During the years just before the Ivy League formally became a sports conference, the Lions made it to "March Madness" on two occasions. In 1948, they were one of eight teams in the tournament, losing in the East regional semifinal to the eventual champion Kentucky. The 1951 team went undefeated in the regular season and were one of the 16 teams invited to the championship. The Lions lost 79-71 to eventual semi-finalist Illinois for a final record of 21-1 (best record in the nation that year with win-loss percentage of .956) The 1951 team is, however, sadly best known for the tragic story of its brilliant but troubled star forward Jack Molinas, who eventually ended up in prison for crimes related his longtime involvement with gambling and who was murdered in 1975 in what appeared to be an organized-crime related assassination. Molinas still holds several school scoring records.
In 1957 Chet Forte was a consensus All-American and UPI player of the year for NCAA Division I; he averaged 28.9 points (fifth in the nation.) He is even more famous for his later work as a producer for ABC Sports, especially on the program Monday Night Football. The 1957 team had 2,016 rebounds, fourth highest in NCAA Division I history, even though they played only 24 games.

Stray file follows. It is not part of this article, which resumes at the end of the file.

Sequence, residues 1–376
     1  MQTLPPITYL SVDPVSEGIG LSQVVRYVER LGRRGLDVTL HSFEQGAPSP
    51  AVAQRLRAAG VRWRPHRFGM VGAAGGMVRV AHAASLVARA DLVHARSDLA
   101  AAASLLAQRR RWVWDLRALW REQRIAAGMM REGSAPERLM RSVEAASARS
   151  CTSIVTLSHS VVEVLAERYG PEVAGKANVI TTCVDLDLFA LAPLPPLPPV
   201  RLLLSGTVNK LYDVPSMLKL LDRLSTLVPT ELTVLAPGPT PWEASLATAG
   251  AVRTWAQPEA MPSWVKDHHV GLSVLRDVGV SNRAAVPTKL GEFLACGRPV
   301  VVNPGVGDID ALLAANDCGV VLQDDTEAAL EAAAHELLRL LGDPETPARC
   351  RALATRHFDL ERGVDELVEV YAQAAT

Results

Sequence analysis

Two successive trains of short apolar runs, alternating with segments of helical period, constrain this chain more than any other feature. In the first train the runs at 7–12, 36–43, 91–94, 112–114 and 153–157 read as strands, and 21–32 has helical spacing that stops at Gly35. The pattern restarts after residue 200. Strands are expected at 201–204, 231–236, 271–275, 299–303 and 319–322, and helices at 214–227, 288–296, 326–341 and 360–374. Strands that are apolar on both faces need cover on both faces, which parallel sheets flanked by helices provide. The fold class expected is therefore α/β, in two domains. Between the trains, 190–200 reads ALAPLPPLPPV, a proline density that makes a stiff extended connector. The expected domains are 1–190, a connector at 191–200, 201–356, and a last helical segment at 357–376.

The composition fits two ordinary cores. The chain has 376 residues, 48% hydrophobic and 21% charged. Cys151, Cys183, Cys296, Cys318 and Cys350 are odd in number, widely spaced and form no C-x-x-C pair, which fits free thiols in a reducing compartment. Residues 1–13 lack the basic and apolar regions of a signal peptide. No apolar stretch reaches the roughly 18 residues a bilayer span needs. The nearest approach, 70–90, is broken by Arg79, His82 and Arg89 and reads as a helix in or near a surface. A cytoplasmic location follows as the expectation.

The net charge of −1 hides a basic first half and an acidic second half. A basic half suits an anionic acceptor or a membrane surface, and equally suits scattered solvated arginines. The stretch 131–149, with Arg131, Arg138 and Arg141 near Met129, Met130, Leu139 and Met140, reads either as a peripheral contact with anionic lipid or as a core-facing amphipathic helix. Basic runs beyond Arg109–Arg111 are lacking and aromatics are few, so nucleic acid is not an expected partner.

The Lions have only won the official Ivy League championship once, in 1968, when they reached the "Sweet Sixteen" in the NCAA national tournament. Two members of the 1968 team went on to play professional basketball: Jim McMillian and Dave Newmark. (NFL great George Starke was also a member of the Lions' basketball team in that era.) Jack Rohan was voted Coach of the Year in 1968.
The Lions had a powerful squad in the late 1970s, even though they never won the Ivy League championship or made it to post-season play. In 1979, the diminutive point guard Alton Byrd won the Frances Pomeroy Naismith Award, given to the best player under 6 feet in height. Byrd never made it to the NBA, but he moved on to a legendary career in European pro basketball.
Until the 1980s, the women's basketball team (like the other women's teams) was known as the Barnard Bears, playing under the aegis of Columbia's affiliated undergraduate women's college, Barnard College. When Columbia College went co-ed in 1983, the schools formed the Columbia-Barnard Athletic Consortium, and today all Barnard athletes compete on Columbia teams.
The women's basketball team joined the Ivy League in 1986-1987, and for many years were a perennial cellar dweller, reaching their low point in 1994-1995, when they went 0-26. They had never finished higher than fourth in the league standings in their first 23 seasons. In 2009-2010, however, they finished third, putting together a 9-5 record in the Ivy League, and, at 18-10 overall, their first winning season.
Men's and women's soccer